Aerial Imaging for Data Collection

August 2015

A new imaging tool is being evaluated for use on hill country by Massey University

An imaging tool used in space exploration and by the military is now being used by Massey University to gain information from the land to help farmers make the best management decisions.  The sensor is flown over land to gather images from more than 450 wave bands including visible, near, short and infra-red. Maps of farms are developed featuring pasture quality, nutrient content and concentration, potassium and sulphur levels, land surface temperatures, areas of poor drainage and nutrient movements on slopes into sinks.

Sensors have been around for some time in agriculture especially in the hands of cropping farmers. The sensors use reflected light to measure crop biomass and chlorophyll content. It captures variability which gives growers information which can be used to adjust inputs like nitrogen.

Crop sensors measure crop canopy and reflectance at specific electromagnetic wavelengths. Vegetative material has a spectral signature and its characteristics differ between healthy and stressed. There are a range of crop canopy sensors on the market – they operate on the same principles but there are differences in the technical setup.

Professor in Precision Ag at Massey University, Ian Yule says remote sensing has tended to focus on the efficient use of nitrogen. This focus has come from a perspective of yield maximisation and increasing nutrient use efficiency. The main reason is that the sensors used have had limited scope.

He says more sophisticated sensors allow the presence of other nutrients and their concentrations to be estimated.

Massey University aerial imaging technology was first developed for military reconnaissance and space exploration. The technology is being used as part of Pioneering to Precision – a Primary Growth Partnership (PGP) programme between Ravensdown and the Ministry for Primary Industries (MPI) looking to improve how fertiliser is applied to hill country.

Ian Yule says involvement in the PGP programme was the catalyst for purchasing the $500,000 Fenix hyper spectral imaging system. He says the remote sensor will enable New Zealand to capture unprecedented levels of data about the nutrient content of large sections of land that may have been previously inaccessible.

He says it’s like turning the whole of New Zealand into a living lab, where you can observe exactly what is going on and describe it in greater detail than ever before.

Ian says the tool can make New Zealand agriculture more efficient, profitable and environmentally friendly. He says it would be a great advantage for accurately applying fertiliser on hill country but also has applications in the dairy sector. The sensor can cover a whole catchment to show where the hotspots are, to help determine where there is nitrogen run-off for example.

The seven-year PGP programme that this sensor will be part of aims to improve hill country sheep and beef farming productivity, while protecting the environment through more efficient application of fertiliser. It is hoped the research conducted using the sensor will help to improve grazing and stock management strategies of hill country farmers because they will have a better understanding of their land and its ecological requirements throughout each seasonal change.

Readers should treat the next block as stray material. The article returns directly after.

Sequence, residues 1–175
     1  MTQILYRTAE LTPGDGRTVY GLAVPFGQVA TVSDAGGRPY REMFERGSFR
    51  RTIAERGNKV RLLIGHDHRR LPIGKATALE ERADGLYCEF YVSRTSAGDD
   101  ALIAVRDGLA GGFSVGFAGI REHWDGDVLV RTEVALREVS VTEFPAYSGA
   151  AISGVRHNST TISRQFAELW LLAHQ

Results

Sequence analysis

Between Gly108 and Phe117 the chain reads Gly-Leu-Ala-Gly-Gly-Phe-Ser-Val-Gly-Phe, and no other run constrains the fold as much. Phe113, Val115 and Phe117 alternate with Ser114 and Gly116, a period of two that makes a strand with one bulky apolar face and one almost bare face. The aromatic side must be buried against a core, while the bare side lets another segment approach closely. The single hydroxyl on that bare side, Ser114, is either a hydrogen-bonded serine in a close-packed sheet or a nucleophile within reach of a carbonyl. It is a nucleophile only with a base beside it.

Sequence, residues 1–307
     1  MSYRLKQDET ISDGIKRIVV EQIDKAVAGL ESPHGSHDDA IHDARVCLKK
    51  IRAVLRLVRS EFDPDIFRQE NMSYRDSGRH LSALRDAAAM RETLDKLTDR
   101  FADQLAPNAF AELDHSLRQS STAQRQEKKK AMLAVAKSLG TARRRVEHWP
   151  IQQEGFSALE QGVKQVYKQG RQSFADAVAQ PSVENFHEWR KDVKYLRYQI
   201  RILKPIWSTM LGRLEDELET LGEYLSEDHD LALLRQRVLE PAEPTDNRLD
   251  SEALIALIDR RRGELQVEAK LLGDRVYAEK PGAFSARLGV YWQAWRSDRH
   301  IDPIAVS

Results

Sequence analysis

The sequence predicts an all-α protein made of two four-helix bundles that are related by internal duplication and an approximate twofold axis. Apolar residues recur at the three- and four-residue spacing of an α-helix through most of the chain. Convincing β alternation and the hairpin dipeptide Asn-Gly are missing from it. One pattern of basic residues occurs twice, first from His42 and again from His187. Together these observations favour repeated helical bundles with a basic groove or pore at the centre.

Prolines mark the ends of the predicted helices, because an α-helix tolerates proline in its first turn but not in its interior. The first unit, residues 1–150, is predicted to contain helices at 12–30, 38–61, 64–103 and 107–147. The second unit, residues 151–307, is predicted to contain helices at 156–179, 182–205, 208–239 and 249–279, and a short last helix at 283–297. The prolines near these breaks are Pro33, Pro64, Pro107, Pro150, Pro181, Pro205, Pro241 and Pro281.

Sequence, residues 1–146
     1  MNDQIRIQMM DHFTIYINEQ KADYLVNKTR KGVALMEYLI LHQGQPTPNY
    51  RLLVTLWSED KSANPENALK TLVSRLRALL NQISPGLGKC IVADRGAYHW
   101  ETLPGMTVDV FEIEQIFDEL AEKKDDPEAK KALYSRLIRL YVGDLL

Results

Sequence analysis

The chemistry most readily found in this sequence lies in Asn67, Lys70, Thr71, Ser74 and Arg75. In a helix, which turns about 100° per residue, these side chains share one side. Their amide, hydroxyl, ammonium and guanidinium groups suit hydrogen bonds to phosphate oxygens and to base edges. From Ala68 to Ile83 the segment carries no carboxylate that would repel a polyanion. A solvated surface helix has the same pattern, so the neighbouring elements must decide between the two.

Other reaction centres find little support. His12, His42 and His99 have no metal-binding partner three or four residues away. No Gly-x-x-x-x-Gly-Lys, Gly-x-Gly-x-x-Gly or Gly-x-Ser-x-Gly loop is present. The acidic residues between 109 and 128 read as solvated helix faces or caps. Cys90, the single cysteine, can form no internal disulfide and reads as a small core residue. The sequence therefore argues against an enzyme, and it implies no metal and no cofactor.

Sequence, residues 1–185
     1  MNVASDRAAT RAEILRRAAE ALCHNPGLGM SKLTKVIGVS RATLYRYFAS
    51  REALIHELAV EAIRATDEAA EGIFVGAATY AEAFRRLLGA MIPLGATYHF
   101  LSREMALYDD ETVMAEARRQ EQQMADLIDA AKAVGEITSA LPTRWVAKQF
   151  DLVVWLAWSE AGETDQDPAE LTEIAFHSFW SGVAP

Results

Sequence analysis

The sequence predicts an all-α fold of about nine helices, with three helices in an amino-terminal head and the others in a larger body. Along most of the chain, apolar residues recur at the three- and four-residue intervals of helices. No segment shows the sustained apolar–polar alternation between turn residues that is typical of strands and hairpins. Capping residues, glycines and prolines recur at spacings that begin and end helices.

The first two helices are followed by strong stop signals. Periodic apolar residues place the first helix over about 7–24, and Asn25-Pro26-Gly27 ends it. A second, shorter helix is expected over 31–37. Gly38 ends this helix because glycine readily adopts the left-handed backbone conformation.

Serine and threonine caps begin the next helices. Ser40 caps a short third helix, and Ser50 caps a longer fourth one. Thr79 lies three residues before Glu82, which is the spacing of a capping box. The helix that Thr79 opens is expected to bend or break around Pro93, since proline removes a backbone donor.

Part of the project is to develop ways to use Geographical Information Systems (GIS) to store, analyse and display the site specific data that is gathered.

The information collected includes soil and sensory data, pasture cuts and other samples which will be used to catalogue the different species and combination species of plants, soil fertility and ecology, grazing management and climatic impacts on pasture production.

Another part of the project is developing hyperspectral remote sensing and imaging technology. The new technology will be used to identify and categorise plant physiology, chemistry and genetic makeup of different plant species.

Researchers are working on methods to extrapolate that data and use it to relate the spectral images to the nutrient needs of different species.  This will help identify the productivity and usefulness of current pasture or terrain and allow researchers to identify any potential problems or risks.

Aircraft-born hyperspectral sensors will be used to take instrument measurements of the pasture. Ian comments that the sensor measures reflectance of the first surface the sensor meets.

It’s hoped that in the future farmers can look at how they can improve pasture production by understanding at what point they need to apply a nutrient to manage a certain species, plant new seedlings or apply fertiliser to support the growth of new pasture.

Another research project which has grown out of the highly accurate data delivered by the sensor is work on developing an automated fertiliser delivery control system that could be applied to a standard aerial topdressing aircraft. The goal is to better predict where a fertiliser particle will land once it is released via an automatic hopper door. This new technology will allow the fertiliser to be dropped via a fully automated process that is linked to an aircraft’s Global Positioning System (GPS) to provide more accurate spreading on hill country farmland.